Nathan Giaccio reviews the world premiere of Bryony Lavery's Thursday
2005: four years following September 11, the harrowing bombings that forever changed the face of the planet, the globe is buried deep within a state of panic in fear of terrorism. Racism is at its peak. Neighbour against neighbour, the colour of our skin is a predisposition to our morality (or lack thereof) and the nasty intentions we supposedly harbour.
Across the pond, London is exposed to the horror. On the 7th of July, a series of carefully co-ordinated suicide bombings is carried out in the London Underground. Adelaide woman Gill Hicks is the last living survivor rescued. Both her legs are amputated below her knees. Her injuries are so severe that she is unrecognisable, and titled ‘One Unknown’. She was not expected to live. Hicks’ bravery and tenacity inspired millions, and was the refreshing breath of humanity that restored a sense of hope to the dank cloud of terrorism that haunted the naughties.
2013: Chris Drummond, Brink Productions, invites us to witness this tale of bravery, pain, and racism in Thursday, which endeavours to show us what it means to be human.
Drummond has done just that. Bryony Lavery (writer) has carefully woven a melodic, poetic script that is reminiscent of the Shakespearean era. Dan Potra’s stage design is a clever and innovative use of levels, perfectly amalgamated with ghostly lighting by Colin Grenfell, that manages to harmonise several rooms simultaneously on the one stage.
Kate Mulvany’s portrayal as the lead was entrancing and powerfully emotional. At times it was easy to forget that we, the audience, were mere spectators and not standing beside Mulvany, experiencing the dark events unfold. Deidre Rubenstein and Lena Kaur added (well portrayed and expertly acted) elements of culture, age, thought, and creed, that bolstered the enigmatic feel of the production.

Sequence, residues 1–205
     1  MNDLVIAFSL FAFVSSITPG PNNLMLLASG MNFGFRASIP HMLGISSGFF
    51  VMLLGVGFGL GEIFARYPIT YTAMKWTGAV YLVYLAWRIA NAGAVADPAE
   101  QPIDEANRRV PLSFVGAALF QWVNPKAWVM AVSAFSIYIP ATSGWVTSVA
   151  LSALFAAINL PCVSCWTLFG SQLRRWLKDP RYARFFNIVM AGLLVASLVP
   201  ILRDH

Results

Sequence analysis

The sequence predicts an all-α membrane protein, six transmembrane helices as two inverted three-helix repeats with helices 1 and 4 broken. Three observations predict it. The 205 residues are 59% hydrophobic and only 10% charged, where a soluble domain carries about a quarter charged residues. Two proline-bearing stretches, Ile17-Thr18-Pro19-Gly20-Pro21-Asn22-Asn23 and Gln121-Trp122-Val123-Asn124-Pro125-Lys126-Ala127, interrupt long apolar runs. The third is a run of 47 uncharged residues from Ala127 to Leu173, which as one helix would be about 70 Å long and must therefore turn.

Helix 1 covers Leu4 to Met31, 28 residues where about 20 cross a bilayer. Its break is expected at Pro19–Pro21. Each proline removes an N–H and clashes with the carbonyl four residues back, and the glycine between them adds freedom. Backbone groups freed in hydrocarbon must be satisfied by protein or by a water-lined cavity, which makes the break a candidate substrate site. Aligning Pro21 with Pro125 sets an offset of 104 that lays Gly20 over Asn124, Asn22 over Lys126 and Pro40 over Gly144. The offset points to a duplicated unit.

Thursday delivers on every level it promises to. Do not expect to walk away from this production feeling light and jolly—what can be promised is an insightful appreciation of the rancid darkness humanity is capable of, but also the bravery and hope we can achieve by uniting in harmony and love. Drummond has crafted a seamless diorama of the human experience, that is a delightful experience on all levels.
Thursday shows at the Norwood Concert Hall, 175 The Parade, Norwood from 28 February to 16 March, including Auslan and school performances. Weekday matinees begin at 11:00AM. Tickets may be booked through BASS or at brinkproductions.com